What's a LLC: Everything You Need to Know
An LLC is an abbreviation that stands for limited liability company, a type of business entity that limits personal liability for business debts and legal judgments.3 min read
What Is an LLC (Limited Liability Company)?
An LLC is an abbreviation that stands for limited liability company, a type of business entity that limits personal liability for business debts and legal judgments. While new business owners were once limited to partnerships and corporations, LLCs and limited partnerships (LPs) are newer structures available for entrepreneurs.
In addition to limited liability, an LLC also offers the same tax benefits as a partnership. An LLC can be owned by:
- An individual
- Several individuals
- A trust or estate
- A corporation
- Another LLC.
LLC owners are referred to as members. Most LLCs are managed directly by their members, but some appoint a nonmember to conduct daily operations.
State law governs LLC creation and management. LLC benefits include easy establishment and flexible structure. However, you may not be subject to personal liability if legal or reporting requirements are neglected or fraud has occurred. Establishing an LLC also carries tax benefits and adds an air of legitimacy to your new business.
Types of LLCs
Common types of LLCs include the following:
- A domestic LLC: Operates in the same state where it was formed.
- A foreign LLC: Has a business presence or location in a state other than where it was formed.
- A professional LLC: An entity formed for a legal or medical practice and requires one or more members to be licensed by the state for the profession in question. The liability protection afforded by the LLC structure is not valid for claims of professional malpractice.
- A series LLC: A group of companies housed under one parent LLC. Seventeen states currently allow series LLC formation.
Advantages of Starting an LLC
Some of the benefits of forming an LLC include:
- Flexibility in ownership and management structure
- The ability to elect tax treatment as a C or S corporation. LLCs and S corps are subject to pass-through taxation, eliminating the need to file a separate tax return for the business. Owners receive profits directly and report them on the individual tax return. This allows the LLC owner to avoid double taxation, which occurs for C corporations when owners are on taxed on profits when they are both received and distributed.
- LLCs are easy to maintain and have minimal government reporting requirements. An LLC must file an informational tax return each year, along with Form 1065 if the company has more than one member.
- An LLC can determine how it distributes profits to members, regardless of each member's ownership interest.
- An LLC does not need to be formed by a U.S. permanent resident or citizen.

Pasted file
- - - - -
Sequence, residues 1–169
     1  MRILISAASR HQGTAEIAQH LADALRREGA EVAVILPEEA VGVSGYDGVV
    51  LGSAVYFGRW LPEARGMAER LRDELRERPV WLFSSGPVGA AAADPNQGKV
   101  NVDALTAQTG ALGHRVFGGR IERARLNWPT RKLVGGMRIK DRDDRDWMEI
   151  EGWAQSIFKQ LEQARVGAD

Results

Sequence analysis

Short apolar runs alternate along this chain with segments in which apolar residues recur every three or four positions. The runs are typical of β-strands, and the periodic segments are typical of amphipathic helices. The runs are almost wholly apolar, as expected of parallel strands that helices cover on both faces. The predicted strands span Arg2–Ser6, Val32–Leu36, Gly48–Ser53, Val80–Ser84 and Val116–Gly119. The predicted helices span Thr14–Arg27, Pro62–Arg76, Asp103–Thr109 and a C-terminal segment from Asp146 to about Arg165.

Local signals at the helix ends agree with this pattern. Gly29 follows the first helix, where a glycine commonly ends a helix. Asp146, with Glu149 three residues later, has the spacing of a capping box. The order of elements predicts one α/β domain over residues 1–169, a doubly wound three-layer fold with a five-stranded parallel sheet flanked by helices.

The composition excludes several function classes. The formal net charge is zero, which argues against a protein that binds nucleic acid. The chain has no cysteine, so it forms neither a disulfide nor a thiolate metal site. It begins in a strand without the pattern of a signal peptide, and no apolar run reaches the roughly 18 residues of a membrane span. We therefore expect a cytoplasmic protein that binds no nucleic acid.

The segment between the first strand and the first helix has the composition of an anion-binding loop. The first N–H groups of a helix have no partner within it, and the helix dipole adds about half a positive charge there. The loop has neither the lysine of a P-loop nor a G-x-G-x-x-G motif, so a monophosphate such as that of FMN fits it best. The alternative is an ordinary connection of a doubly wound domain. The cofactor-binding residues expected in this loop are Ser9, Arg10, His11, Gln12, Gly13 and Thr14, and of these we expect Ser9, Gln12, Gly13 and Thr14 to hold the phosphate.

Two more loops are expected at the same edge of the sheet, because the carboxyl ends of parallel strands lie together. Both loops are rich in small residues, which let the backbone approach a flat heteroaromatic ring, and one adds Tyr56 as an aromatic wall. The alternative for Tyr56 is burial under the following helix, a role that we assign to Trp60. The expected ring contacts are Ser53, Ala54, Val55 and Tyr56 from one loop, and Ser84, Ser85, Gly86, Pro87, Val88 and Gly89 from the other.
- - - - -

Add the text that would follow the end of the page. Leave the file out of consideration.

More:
- Business owners have limited personal liability for the company's obligations and debts, as long as fraud has not been committed.
- Forming an LLC increases your company's credibility with potential clients, lenders, investors, suppliers, and partners.
- When you create an LLC, your business has a separate credit file and can apply for credit lines and loans for business expenses.
Disadvantages of Starting an LLC
Business owners who want to establish an LLC may face the following challenges:
- Because an LLC cannot attract investors by issuing stock or going public on the stock exchange, the potential for growth is more limited than with a corporation.
- In some states, the LLC is terminated if an owner dies or leaves the company. A corporation, on the other hand, is a permanent entity unless it is purposely dissolved.
- LLCs are subject to different laws in different states.
- LLCs are charged self-employment tax unless they elect to be taxed as an S corporation.
- If you convert an existing business to an LLC, you may be taxed on appreciated assets.
Is Creating an LLC Right for Me?
To determine whether an LLC is the right structure for your company, consider both your short- and long-term business objectives. Consider the advantages and disadvantages listed above and how they would impact your specific situation.
How to Create an LLC
To create an LLC, you'll need to file Articles of Organization in the state where you plan to do business. This document must include:
- Your name and address
- The name and address of the business
- The name and contact information of the registered agent.
If you need help with forming an LLC, you can post your legal need on UpCounsel's marketplace. UpCounsel accepts only the top 5 percent of lawyers to its site. Lawyers on UpCounsel come from law schools such as Harvard Law and Yale Law and average 14 years of legal experience, including work with or on behalf of companies like Google, Menlo Ventures, and Airbnb.